U.S. Pressure Helped Prompt Egypt's Call For Competitive Race
- Los Angeles Times
February 28, 2005
U.S. Pressure Helped Prompt Egypt's Call For
Washington has pushed Cairo on political and economic
reform as a condition for aid.
By Sonni Efron and Tyler Marshall, Times Staff Writers
WASHINGTON � Egyptian President Hosni Mubarak's
dramatic decision to allow a competitive presidential
election comes amid a behind-the-scenes struggle by
the Bush administration and Congress to require Cairo
to spend part of its annual $2 billion in U.S. aid on
political and economic reform.
Because the Egyptian government has been unwilling to
accede to U.S. demands, administration officials said,
$1 billion in U.S. aid for financial reform and $80
million to foster democracy have gone unspent.
In addition to putting conditions on the aid, the
White House has been sending increasingly pointed
signals to Mubarak that President Bush is serious
about the need for democratic reform in Egypt. But
officials said they did not believe that U.S. pressure
alone forced Mubarak's hand.
"U.S. pressure was certainly material," said an
official who spoke on condition of anonymity. "But
[Mubarak's] people are sitting watching TV. You've
seen free elections in Palestine, free elections in
Iraq, hundreds of thousands of people demonstrating on
the streets in Lebanon, illegitimate elections
overturned in Georgia, illegitimate elections being
overturned in Ukraine�. It's a combination of all
The State Department appeared to be as surprised as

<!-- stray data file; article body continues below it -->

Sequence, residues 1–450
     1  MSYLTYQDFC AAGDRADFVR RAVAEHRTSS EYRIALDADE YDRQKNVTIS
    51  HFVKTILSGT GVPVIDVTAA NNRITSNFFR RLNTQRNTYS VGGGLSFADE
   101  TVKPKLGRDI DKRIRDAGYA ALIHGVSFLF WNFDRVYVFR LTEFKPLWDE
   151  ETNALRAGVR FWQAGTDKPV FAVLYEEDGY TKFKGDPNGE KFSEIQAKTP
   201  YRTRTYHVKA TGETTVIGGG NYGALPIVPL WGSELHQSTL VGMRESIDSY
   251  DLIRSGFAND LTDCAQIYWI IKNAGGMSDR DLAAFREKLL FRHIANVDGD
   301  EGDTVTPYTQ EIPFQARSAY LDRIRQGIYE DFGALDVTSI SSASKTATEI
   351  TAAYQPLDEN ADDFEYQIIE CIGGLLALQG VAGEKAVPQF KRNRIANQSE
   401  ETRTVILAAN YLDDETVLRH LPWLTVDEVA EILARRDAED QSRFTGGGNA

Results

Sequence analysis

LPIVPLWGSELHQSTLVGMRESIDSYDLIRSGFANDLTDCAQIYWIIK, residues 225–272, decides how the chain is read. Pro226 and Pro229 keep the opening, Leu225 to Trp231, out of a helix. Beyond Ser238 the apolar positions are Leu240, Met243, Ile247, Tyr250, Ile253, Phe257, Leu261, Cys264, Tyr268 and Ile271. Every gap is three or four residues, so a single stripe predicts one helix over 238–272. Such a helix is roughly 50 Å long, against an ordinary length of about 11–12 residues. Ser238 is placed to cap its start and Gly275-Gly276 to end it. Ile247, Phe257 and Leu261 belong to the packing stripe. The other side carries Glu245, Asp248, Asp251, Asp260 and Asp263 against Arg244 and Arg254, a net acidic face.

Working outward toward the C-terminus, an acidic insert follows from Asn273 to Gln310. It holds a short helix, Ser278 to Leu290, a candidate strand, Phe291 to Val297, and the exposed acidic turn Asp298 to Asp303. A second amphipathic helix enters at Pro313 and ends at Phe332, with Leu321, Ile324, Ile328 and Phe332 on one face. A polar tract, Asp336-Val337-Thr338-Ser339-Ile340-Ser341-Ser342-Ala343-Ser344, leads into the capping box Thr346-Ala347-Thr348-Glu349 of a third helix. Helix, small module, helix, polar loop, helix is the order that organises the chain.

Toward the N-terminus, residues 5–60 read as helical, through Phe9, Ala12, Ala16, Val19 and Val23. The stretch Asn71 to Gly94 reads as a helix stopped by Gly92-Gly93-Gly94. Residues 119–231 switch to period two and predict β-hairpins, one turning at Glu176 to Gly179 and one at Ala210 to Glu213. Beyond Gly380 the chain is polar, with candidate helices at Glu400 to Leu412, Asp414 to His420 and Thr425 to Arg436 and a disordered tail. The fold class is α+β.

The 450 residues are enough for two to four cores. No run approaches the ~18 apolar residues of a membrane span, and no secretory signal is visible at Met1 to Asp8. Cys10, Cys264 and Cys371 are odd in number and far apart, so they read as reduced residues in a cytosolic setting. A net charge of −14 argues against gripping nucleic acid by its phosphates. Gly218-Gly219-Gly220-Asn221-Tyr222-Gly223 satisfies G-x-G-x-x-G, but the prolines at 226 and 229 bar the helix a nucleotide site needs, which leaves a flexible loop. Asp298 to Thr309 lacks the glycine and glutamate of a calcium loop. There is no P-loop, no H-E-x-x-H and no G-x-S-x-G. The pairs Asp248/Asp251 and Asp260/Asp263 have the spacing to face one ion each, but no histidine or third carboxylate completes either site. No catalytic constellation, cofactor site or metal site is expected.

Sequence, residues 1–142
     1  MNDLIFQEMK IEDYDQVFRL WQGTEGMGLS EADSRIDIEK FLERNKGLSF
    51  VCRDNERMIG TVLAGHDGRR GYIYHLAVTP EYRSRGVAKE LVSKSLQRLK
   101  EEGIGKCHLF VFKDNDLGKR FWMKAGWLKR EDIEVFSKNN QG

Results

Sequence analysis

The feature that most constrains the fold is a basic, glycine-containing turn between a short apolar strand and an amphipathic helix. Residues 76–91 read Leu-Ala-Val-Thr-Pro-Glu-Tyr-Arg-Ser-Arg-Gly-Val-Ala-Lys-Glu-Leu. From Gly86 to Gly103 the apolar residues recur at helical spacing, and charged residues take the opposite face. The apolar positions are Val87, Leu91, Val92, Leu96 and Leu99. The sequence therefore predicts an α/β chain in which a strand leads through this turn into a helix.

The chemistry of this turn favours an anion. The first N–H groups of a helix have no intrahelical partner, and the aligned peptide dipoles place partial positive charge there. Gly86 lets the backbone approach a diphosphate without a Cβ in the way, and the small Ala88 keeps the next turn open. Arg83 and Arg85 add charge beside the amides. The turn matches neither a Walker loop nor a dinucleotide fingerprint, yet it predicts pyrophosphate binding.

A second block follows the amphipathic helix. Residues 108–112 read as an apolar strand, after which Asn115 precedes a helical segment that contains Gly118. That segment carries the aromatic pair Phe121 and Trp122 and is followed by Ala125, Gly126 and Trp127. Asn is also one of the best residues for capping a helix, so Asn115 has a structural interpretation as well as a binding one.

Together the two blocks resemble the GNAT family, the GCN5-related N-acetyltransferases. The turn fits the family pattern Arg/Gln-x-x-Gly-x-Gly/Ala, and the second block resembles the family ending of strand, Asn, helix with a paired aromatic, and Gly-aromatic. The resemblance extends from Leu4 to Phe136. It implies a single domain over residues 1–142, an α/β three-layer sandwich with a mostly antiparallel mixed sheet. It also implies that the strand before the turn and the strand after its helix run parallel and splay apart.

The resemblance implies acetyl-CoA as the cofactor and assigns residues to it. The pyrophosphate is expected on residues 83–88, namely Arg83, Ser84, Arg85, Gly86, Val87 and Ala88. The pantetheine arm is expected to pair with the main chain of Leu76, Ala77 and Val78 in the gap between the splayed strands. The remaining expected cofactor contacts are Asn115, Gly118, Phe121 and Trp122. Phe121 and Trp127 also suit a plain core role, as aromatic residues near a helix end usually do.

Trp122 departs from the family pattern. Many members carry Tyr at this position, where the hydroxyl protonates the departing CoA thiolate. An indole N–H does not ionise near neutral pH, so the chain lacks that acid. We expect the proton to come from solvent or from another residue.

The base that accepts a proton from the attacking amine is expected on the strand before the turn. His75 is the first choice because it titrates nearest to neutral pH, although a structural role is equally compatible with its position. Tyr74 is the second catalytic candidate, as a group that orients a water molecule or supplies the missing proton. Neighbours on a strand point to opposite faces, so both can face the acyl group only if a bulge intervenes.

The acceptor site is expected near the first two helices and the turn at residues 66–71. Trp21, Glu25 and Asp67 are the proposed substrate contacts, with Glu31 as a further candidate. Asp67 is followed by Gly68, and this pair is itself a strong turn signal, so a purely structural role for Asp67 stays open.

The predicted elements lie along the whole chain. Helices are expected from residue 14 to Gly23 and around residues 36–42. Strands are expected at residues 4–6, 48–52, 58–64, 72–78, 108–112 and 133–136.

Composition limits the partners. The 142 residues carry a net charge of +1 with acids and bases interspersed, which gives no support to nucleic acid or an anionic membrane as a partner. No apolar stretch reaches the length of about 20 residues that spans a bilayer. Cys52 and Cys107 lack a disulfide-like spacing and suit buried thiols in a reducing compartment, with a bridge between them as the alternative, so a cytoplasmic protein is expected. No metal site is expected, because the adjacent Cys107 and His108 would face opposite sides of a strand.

anyone by Mubarak's announcement Saturday that he
would open up the constitutional process to allow
other candidates to run for president in the fall
election. Since the monarchy was overthrown in 1952,
Egyptian presidential elections have involved only
voting "yes" or "no" on a single candidate nominated
"I'm not aware we had any advance warning on it," a
senior State Department official said. "There may have
been a late cable [from Cairo] Friday that I don't
The official said Assistant Secretary of State William
J. Burns spoke by telephone last week with Nabil
Fahmy, Egypt's ambassador to the U.S., after Cairo
canceled plans for a joint meeting of the Arab League
and the Group of 8 nations to discuss reforms.
Egypt and the United States had clashed over the
agenda for that meeting.
A subsequent decision by U.S. Secretary of State
Condoleezza Rice to cut Egypt and Saudi Arabia from a
trip this week merely added to tensions between
Washington and Cairo. Rice will now travel only to
London for the launch of a conference on Palestinian
It is still unclear whether Mubarak will control who
can be a presidential candidate, and the U.S. response
will depend on how free the election is, officials
said. In public, the Bush administration has always
denied using aid as leverage with Egypt, saying that
threats and heavy-handed tactics would be
But behind the scenes, the State Department has been
battling internally and with Congress over how hard to
push Mubarak and how to respond when Cairo failed to
live up to its timetables for reform.
"It's a contentious policy issue; of course there's
going to be a struggle over this stuff," the
administration source said. "People are generally
concerned that if you go too far, you could have
Mubarak do [to the Americans] what Sadat did to the
Soviets: kick them all out in one day."
Egypt is one of the largest recipients of U.S. aid �